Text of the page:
• “Did you have an easy trip?” (If the person being greeted traveled to the meeting place)
  • “How was the trip?”
  • “How was your trip?”
  • “Did your trip go okay?” Or “Trip go okay?” Or “Trip was fine?”
  • “How was traffic?” (If the person drove)
  • “How were the roads?” (If the person drove)
  • “How was your flight?” (If the person flew)
  • “Was your flight on time?” (If the person flew)
  • “Was your train on time?” (If the person came by rail)
  • “How are you?”
  • “How are you doing?” Or “How you doin’?” Or “How ya doin’?” Or “How doing?” (The last three are very informal)
  • “What’s going on?” (Mostly familiar)
  • “What’s happening?” (Mostly familiar)
  • “What’s up?” (Very familiar)
  • “What’s up with you?” (Also very familiar)
  • “What’s the latest?” (Implies: “What’s new in your life?”)
  • “How is everything? “(Similar to “What’s the latest?” Implies that the person asking isn’t totally up to date on what’s going on in the life of the person being asked)
  • “How are things?”
  • “How’s things?” (This is not correct grammar, but it’s part of the English vernacular)
  • “How’ve you been?” Or “How have you been?” (Appropriate for all levels of familiarity)

Try these out, then check back later for more conversation tips and conversation closers!

Learning English like a Native

Learning a second language is almost universally difficult, but in my view, there are strategies that anyone can use to make it easier:

Let me give you my opinion … An intellectualized, classroom approach alone never works. Language is a behavior, and, as such, it must be practiced. How did you learn your primary language? Trial and error and practice. Children learn to intuit language. Hence, gaining a “sense” of English is as important as knowing the rules of the English language.

Learn and then forget: Do you continue to use a map long after you’ve memorized a route? The rules of grammar are a guide. Do not expect to learn grammar rules and apply them in “if-then” fashion for the rest of your life. Aim to reach a point at which you just know where to go. How to reach this point? I can’t speak for everyone, but what has worked for me is paying attention to patterns (within sentences, within clauses, within words) and matching patterns of sounds to rules. Eventually, the brain gets good at recognizing or anticipating certain patterns of sounds, to which it attaches a type of grammatical meaning. There’s no longer a need to consciously remember the rule that explains the pattern, in order to understand.

Language is lyrical: My frank opinion is that the early Modernists were on to something when they said that music was, fundamentally, the purest form of expression. Different tones and notes have common meanings across cultures (e.g. low = brooding, melancholy, dissonant = threatening or dolorous). At the same time, it is extremely easy to pick up tunes. How often have you found yourself humming a tune you weren’t aware that you were listening to (e.g. a commercial jingle)? Try thinking of language as music. Hear syllables as their own notes. Play over the ways that consonants, vowels, and syllables are arranged. Think about words and phrases in English the same way you think about music. I.e. Repeat! Look for musicality. Then, see if your brain doesn’t remember words the way it remembers songs and tunes – spontaneously.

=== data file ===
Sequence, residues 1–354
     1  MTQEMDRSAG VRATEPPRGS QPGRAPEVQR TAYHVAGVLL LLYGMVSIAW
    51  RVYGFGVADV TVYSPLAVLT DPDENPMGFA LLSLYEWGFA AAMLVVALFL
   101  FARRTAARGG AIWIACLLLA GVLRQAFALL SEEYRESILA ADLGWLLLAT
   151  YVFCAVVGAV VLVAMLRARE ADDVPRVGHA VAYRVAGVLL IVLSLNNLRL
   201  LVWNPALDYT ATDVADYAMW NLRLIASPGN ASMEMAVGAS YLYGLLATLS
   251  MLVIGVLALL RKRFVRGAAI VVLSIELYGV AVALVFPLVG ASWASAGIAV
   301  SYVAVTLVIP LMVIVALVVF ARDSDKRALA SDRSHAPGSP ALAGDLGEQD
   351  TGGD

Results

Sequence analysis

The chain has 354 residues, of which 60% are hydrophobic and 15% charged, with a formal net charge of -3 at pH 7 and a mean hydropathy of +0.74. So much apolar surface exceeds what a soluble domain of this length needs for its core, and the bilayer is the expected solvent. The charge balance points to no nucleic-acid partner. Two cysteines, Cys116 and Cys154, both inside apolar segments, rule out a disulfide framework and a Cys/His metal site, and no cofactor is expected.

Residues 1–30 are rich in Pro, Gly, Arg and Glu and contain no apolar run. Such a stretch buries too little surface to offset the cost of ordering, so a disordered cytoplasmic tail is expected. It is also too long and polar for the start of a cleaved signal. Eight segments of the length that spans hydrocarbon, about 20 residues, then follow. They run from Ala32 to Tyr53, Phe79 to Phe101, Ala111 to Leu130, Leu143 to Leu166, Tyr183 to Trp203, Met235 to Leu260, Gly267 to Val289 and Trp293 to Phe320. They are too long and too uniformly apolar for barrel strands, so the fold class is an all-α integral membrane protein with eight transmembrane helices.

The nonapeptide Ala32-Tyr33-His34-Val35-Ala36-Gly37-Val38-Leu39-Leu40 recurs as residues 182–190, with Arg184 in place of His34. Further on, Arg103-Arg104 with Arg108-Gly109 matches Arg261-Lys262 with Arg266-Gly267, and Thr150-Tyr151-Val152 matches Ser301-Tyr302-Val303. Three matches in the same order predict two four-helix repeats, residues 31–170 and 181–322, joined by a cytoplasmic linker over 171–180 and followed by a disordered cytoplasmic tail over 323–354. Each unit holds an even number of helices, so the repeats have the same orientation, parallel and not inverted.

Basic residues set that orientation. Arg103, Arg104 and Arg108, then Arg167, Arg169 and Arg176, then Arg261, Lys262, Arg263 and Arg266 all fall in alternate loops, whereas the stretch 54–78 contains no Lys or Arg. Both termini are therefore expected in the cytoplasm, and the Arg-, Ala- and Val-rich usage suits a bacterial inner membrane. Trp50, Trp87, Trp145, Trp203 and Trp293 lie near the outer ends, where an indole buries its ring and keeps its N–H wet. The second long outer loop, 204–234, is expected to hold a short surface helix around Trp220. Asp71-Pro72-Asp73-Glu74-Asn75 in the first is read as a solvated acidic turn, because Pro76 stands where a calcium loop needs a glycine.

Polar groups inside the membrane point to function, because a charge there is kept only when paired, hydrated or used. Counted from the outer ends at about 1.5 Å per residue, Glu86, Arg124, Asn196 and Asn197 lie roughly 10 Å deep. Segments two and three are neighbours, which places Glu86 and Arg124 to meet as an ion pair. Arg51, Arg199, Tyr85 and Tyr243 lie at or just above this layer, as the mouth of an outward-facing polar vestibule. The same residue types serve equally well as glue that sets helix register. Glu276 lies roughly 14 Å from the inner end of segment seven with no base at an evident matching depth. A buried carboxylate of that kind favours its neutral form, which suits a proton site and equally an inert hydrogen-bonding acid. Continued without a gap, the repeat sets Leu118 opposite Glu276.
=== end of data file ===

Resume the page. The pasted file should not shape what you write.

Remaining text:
Go with what you know: Practice with yourself before you practice with anyone else. Start deliberately, and use whatever you know at the moment. For instance, while walking down the street, say in your mind or under your breath, “That is a tree. The tree is tall and has a lot of leaves.” I’ll admit that this may sound incredibly silly, but it prepares your mind to think, again, spontaneously, and that’s the key to fluency. As you learn new words, incorporate them into your dialogues. “That is a sycamore tree. The sycamore is seven meters tall and has a broad, drooping canopy.”

Watch TV: There’s never been a better excuse to watch TV! I like watching TV with subtitles and matching what I hear to what I read, to see if I heard correctly. This can be confusing, at first, and you may not understand anything. But eventually, you get used to hearing certain words and constructions over and over, and you learn to separate words and sentence clauses (e.g. dependent from independent clauses). Being able to separate words and clauses also allows you to identify words you don’t know and to match them to subtitles, to figure out what they mean. You may not remember new meanings immediately, but at least your mind is “primed” to learn them again. Streaming rights are restricted for some shows in certain countries, but a reliable source of captioned English-language TV is the Voice of America’s YouTube channel.

Get variety: Don’t just watch TV. Listen to music in English. Learn the lyrics. Keep a diary. If you’re geeky, like me, keep a grammar diary, where you figure out grammatical patterns and try to put them to use. Join an English club. If you can, visit an English-speaking country – but otherwise, try as much as possible to immerse yourself in the language the way that native-speakers would.

I am a native English speaker, but I have achieved a high degree of proficiency in other languages using these techniques. Hope they work for you, too! Please feel free to leave comments and questions in response to this post, and I will address them in future posts.